Similarly, the procedure can be performed using an indirect standardization technique.This technique appears more suitable here, as it is easier to assume similar treatment regimens in different regions. In this regard, we weight the region-specific proportions of the production types of the standard population (Region B) with the applied amount of active ingredients in mg/kg of the study population (Region A) (see Table 3).

 

By now comparing the nonstandardized AMU with the AMUexpected, the “Standardized Treatment Ratio” (STR) is obtained by

 

In the present example, this precisely means that the AMU rate of the study population is related to the expected AMU rate. This indicates the rate in overall therapy when assuming the same treatment regime as in the standard population

Transferring the Method to VetCAb-S Data

To quantify antibiotic consumption, real AMU data collected within the scientific project VetCAb-S were used. The aim of the study is to evaluate and describe the use of antibiotics in farm animals in Germany and to assess it on a scientific basis (20, 21). Since 2013, the project has continued as a longitudinal study with ongoing participant recruitment and data collection (22, 23). Participating veterinarians and farmers voluntarily provide information on AMU at the farm level by official application and delivery forms, which are transferred into a database that maintains information about the species, production type, number of animals treated, the treatment date and duration and the name and amount of the medicinal product used.

For this exercise, subsets from real antibiotic consumption data from the VetCAb-S study were formed. To ensure a cross-sectional study-like study population, the data were checked for representativeness by investigating the demographic characteristics of the participating farms by comparing this data with official data from agricultural statistics (24).

Here, we systematically selected areas with a high density of pig farms and a low density of cattle farms and vice versa from the VetCAb-S population. For this purpose, the county codes of all VetCAb regions, defined by Merle et al. (25), were analyzed withregard to the number of participating cattle and pig farms and their stable capacities. To determine the total biomass of livestock kept in the defined subregions within the considered time period (half a year), the numbers of livestock animals kept on the considered farms were multiplied by the estimated weight at treatment. Therefore, the standard weights defined by ESVAC were used; i.e., for fattening pigs 65 kg, for calves 140 kg, and for beef cattle and dairy cows 425 kg (9). In addition, in order to adjust the determined biomass of fattening pigs, it was multiplied by the usual passage rate for Germany for half a year of 1.425 (26). Based on the determined biomass, the corresponding proportions (k) of the total livestock were determined. The quantities of antimicrobial active substances consumed were determined for the corresponding period and subregions to be compared. The consumption of antibiotics by livestock in the exemplary subregions was measured by the ratio of the biomass in kg and the amount of active ingredients used in mg. After addition of the respective average AMU of the individual production types, the overall AMU of the active ingredient for the entire livestock population was obtained (see Table 4) to then determine the treatment ratio of the two regions.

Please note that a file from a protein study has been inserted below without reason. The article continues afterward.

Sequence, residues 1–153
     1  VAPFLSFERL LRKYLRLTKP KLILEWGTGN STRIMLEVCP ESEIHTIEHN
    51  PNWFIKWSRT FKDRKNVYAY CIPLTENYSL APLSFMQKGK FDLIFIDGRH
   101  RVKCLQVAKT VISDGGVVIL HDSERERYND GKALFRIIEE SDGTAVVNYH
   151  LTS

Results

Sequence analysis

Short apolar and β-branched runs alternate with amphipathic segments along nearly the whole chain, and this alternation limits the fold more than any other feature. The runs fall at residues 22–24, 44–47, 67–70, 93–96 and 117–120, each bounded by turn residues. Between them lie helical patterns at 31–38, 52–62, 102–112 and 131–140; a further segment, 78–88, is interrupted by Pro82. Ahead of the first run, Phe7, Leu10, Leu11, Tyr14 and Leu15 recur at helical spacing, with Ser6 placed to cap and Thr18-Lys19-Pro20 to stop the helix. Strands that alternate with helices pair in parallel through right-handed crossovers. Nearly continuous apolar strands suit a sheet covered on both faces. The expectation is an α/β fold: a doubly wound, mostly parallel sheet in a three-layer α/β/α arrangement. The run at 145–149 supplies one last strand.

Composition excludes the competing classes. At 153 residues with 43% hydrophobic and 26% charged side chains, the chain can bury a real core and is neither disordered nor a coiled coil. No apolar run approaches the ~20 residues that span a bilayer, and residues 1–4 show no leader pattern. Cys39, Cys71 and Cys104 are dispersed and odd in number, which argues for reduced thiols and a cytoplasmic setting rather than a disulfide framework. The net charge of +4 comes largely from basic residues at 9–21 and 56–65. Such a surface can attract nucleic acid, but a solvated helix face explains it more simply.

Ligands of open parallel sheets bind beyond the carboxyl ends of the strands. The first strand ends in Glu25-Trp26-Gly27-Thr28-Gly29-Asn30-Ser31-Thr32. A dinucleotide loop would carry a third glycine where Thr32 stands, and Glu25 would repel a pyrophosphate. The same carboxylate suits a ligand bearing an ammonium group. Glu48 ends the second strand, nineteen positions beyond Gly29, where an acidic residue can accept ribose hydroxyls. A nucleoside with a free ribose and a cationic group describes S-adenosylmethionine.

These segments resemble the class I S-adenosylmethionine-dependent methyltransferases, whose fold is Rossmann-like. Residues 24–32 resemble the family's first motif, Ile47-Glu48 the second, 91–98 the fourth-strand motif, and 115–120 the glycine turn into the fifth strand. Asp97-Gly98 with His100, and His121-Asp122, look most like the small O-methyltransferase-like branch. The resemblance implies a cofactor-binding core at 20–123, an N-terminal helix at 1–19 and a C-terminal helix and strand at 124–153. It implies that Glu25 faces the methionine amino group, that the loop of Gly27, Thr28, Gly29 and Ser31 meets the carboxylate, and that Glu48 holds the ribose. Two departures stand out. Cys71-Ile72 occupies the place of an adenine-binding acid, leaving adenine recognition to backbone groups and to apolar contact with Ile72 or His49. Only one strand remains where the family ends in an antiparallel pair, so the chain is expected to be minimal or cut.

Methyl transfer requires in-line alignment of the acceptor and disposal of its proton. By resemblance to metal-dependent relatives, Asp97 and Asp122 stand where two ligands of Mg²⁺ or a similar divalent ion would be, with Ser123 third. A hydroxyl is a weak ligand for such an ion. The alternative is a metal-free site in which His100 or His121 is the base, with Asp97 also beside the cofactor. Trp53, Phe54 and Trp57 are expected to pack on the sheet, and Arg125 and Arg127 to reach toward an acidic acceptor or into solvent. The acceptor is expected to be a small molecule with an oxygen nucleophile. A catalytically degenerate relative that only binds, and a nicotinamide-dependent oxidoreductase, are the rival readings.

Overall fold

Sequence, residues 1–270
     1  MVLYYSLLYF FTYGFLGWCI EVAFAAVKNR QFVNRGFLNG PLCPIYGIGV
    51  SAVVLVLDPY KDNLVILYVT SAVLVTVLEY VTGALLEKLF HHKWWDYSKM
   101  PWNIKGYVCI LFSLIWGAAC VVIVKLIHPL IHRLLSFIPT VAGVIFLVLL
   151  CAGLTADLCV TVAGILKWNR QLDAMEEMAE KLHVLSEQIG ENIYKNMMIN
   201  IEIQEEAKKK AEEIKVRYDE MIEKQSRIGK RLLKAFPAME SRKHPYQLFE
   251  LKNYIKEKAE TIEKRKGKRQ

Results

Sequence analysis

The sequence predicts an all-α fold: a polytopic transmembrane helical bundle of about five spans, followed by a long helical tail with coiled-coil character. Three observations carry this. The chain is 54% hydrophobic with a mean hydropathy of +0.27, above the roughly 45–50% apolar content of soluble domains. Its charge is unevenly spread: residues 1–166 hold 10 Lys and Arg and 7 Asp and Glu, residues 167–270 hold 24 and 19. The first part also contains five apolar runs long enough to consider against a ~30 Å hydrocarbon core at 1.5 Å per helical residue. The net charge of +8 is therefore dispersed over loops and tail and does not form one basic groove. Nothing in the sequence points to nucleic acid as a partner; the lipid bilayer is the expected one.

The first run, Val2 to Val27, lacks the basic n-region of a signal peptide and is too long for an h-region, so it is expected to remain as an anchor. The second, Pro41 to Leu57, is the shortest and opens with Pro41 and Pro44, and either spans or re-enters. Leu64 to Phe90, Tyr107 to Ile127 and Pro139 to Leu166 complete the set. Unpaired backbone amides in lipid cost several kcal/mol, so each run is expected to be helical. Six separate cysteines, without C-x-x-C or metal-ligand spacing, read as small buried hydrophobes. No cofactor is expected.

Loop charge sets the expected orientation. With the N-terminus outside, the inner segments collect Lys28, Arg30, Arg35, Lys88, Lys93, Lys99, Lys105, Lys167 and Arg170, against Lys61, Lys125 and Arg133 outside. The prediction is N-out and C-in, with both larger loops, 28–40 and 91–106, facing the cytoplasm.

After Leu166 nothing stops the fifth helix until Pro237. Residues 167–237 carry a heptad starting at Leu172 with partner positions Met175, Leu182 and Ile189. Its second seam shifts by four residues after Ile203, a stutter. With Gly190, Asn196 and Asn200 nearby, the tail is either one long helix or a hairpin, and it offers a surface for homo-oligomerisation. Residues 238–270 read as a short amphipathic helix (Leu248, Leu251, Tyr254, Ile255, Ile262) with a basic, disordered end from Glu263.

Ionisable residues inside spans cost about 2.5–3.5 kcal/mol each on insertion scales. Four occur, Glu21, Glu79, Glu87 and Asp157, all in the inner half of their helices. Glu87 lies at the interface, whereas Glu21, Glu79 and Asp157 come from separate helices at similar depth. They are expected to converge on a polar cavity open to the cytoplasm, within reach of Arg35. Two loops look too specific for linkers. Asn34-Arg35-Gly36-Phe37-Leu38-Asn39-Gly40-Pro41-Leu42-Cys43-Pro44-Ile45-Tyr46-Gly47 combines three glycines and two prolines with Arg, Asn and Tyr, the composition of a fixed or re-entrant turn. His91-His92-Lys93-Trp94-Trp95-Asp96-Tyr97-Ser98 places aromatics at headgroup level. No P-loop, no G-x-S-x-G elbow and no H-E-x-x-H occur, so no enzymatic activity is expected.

VetCAb Study Population

In accordance with the example above, the direct and indirect standardization method was applied (see Tables 5, 6), and the “Comparative Treatment Figure” and “Standardized Treatment Ratio” were determined according to Equations (5) and (7). For the analyses, data from the second half of the year 2014 were selected to demonstrate the method with real-application data. The two selected subregions are located in the middle and northwest of Germany, both of which employ intensive pig farming. Within these subregions, one was identified with a small and one with a large proportion of cattle. Subregion 1 is made up of 79 dairy farms, 41 beef cattle farms and 179 pig farms with 17,059 livestock places for dairy cows, calves and beef cattle (hereafter summarized as “cattle”) and 190,941 livestock places for fattening pigs. Subregion 2 comprises 69 dairy farms, 25 beef cattle farms and 52 pig farms, with 15,772livestock places for cattle and 55,521 for fattening pigs. Biomass (in kg) is defined here as the inventory of livestock that was kept at the farms within the defined regionsduring the study period.